Studying integration and modularity is essential to understand the evolution of shape because the coherence of recognizable parts of most organisms is dependent on their developmental origin and structure. Drosophila wing morphology has been used extensively as an important model trait in evolutionary biology, since its genetics and development are well known. The aim of the present study is to address questions related to the evolution and developmental process of the wing shape architecture. Specifically, the questions are: 1- Are the Drosophila wings a single integrated morphological unit consistently in all the species groups across the whole genus? 2- Does morphological integration evolve across the genus? 3- Is there any evolutionary integration in the Drosophila wing? To study these morphological changes we used geometric morphometrics as a tool for analyzing shape variation and its covariation between the anterior and posterior (A/P) compartments of the wing and to compare the different covariance matrices between species. Moreover, we also used comparative methods for mapping the shape data onto the phylogeny. The analyses show, on the one hand, strong differences between the species of this genus. Indeed, the modularity test for the A/P wing compartments showed that they are not independent in all the species studied, confirming previous results for D. melanogaster at large scale. On the other hand, mapping the variation of covariance matrices onto the phylogeny shows the pattern of evolution of integration in the genus. This study has helped to answer questions related to the evolutionary process of the Drosophila wing shape and to show that the A/P wing compartments are not separate modules of variation. We have also found a clear evolutionary integration into all the different traits of wing shape. We can conclude that the wing shape shows strong internal covariation, and also that the integration process has evolved in the genus.


Plants usually have a modular body plan, which consists of a number of building blocks (or modules). As sessile organisms, they are often confronted with spatially heterogeneous environmental conditions. Plastic responses may thus contribute to variation on several hierarchically organized levels: among parts within a module, among modules within an individual, among individuals within populations or species, and among populations or species. Flowers are particularly interesting, since most of them are composite modules consisting of several, repeated subunits, and within-flower variation can manifest itself as asymmetry. To assess the plastic component in flower shape variation, we examine whether directional environmental influences such as sun radiation and gravity produce a directional plastic response in morphometric traits. We compare several species of Heliosperma with 5-merous, radially symmetric flowers. Plants were grown in common garden, representative photographs of several flowers per individual were taken together with orientation and inclination data of each flower, and flat preparations of petals were made. Geometric morphometrics was used to characterize shape variation and asymmetry. Correlations of asymmetry with orientation and inclination of single flowers were evaluated and related to possible ecological functions and selective advantages. Furthermore, we quantified the amounts of variation associated with different levels – among and within species, among flowers within individuals, and between petals of one single flower. We discuss the role of plasticity for floral asymmetry, subindividual and higher-level variation.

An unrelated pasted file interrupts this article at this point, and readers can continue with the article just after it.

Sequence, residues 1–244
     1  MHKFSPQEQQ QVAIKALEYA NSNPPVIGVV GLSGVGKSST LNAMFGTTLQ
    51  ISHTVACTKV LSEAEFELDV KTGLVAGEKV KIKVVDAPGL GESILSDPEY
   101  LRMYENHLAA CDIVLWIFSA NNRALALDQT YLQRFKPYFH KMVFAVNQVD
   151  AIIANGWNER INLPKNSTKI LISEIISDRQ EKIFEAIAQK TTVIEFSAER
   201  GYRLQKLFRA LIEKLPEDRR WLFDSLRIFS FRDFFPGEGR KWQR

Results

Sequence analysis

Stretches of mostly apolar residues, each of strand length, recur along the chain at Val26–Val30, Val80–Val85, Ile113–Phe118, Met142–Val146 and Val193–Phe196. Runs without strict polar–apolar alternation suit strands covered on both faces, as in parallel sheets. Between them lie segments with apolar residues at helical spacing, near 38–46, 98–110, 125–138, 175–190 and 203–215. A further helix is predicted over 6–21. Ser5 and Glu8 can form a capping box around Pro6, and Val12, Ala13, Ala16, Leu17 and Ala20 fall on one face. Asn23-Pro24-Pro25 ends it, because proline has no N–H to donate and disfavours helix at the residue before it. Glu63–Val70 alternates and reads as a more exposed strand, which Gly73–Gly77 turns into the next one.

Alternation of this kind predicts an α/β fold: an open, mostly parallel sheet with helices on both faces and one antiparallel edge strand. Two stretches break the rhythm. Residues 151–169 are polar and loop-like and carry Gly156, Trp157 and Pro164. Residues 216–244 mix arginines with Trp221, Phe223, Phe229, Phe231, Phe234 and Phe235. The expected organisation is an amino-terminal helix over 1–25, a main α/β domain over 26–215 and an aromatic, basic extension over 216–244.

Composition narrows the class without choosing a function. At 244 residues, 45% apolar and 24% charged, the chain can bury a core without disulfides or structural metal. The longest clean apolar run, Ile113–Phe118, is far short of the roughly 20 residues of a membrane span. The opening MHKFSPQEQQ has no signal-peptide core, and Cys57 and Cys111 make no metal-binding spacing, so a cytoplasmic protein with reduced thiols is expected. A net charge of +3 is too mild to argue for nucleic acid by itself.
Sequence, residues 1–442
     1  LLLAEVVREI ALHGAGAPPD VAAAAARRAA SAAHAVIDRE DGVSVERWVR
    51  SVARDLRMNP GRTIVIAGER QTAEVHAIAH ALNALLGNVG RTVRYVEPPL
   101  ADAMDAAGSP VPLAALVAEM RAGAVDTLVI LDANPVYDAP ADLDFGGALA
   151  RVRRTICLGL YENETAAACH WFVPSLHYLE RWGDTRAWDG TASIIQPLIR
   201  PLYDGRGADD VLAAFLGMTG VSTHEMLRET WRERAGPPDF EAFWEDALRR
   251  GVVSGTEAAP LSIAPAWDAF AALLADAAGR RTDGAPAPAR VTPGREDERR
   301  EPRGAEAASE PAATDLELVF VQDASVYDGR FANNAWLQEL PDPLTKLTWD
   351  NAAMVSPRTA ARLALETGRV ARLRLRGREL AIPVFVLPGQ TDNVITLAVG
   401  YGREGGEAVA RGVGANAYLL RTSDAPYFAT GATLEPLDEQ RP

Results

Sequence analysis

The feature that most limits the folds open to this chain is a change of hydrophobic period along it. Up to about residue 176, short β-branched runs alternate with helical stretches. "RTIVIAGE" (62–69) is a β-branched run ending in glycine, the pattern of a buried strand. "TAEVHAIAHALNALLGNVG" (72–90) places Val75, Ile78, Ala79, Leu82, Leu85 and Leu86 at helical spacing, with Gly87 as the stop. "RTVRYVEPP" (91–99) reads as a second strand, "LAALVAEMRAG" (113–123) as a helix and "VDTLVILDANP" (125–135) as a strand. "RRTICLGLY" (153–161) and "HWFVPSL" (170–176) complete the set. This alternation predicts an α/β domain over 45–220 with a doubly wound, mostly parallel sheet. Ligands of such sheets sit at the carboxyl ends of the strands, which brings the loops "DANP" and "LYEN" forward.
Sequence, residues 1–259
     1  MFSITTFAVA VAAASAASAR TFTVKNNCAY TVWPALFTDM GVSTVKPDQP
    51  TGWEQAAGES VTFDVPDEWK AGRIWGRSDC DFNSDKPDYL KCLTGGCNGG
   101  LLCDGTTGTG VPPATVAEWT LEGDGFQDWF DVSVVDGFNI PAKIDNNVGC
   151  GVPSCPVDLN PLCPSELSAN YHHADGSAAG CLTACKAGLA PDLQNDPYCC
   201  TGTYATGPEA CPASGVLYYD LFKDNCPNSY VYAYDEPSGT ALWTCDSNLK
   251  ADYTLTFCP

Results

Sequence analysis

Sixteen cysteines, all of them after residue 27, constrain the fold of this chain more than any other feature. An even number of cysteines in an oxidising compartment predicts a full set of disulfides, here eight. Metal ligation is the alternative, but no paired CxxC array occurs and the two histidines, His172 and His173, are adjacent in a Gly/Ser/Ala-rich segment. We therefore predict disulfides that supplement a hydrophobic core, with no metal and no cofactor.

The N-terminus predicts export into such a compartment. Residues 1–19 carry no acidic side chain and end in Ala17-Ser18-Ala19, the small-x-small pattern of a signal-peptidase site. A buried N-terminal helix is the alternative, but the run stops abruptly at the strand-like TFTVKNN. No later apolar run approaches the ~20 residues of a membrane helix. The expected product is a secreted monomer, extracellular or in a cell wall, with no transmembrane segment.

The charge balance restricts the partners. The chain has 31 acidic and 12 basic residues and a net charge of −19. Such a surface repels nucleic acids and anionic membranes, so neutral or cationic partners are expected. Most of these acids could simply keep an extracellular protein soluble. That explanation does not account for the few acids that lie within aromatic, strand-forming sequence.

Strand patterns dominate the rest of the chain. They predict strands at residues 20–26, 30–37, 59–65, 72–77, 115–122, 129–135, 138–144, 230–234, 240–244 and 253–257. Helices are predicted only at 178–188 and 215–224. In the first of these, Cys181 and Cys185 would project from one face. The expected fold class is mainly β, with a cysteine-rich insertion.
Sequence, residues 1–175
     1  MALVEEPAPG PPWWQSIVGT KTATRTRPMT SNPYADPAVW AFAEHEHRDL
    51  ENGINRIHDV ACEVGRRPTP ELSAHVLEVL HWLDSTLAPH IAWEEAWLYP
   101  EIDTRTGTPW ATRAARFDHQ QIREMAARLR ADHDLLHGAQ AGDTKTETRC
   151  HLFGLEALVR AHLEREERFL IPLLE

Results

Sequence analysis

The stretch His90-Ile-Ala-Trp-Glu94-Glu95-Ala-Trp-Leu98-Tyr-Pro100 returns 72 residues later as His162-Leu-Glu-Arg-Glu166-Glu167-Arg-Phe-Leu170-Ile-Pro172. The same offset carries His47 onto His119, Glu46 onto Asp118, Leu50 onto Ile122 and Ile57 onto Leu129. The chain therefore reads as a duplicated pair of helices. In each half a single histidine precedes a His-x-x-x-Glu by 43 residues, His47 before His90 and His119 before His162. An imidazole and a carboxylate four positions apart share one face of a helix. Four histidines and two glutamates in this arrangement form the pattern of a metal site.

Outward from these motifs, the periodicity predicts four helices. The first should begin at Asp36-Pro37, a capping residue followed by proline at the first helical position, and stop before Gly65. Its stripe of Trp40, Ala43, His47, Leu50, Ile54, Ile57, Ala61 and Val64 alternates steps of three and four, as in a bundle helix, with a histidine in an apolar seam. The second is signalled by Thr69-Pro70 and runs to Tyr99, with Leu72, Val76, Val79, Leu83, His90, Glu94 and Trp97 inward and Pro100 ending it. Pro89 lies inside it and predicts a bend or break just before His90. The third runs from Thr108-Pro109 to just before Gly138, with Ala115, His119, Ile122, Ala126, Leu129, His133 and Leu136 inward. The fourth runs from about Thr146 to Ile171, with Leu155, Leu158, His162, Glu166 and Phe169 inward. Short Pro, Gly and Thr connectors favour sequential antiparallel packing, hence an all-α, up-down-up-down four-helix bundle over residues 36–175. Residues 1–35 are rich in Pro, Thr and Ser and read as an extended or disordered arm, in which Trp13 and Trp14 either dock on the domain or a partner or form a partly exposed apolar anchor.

Chairman: Octávio S. Paulo
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XIV Congress of the European Society for Evolutionary Biology

Organization Team
Department of Animal Biology (DBA)
Faculty of Sciences of the University of Lisbon
P-1749-016 Lisbon


Computational Biology & Population Genomics Group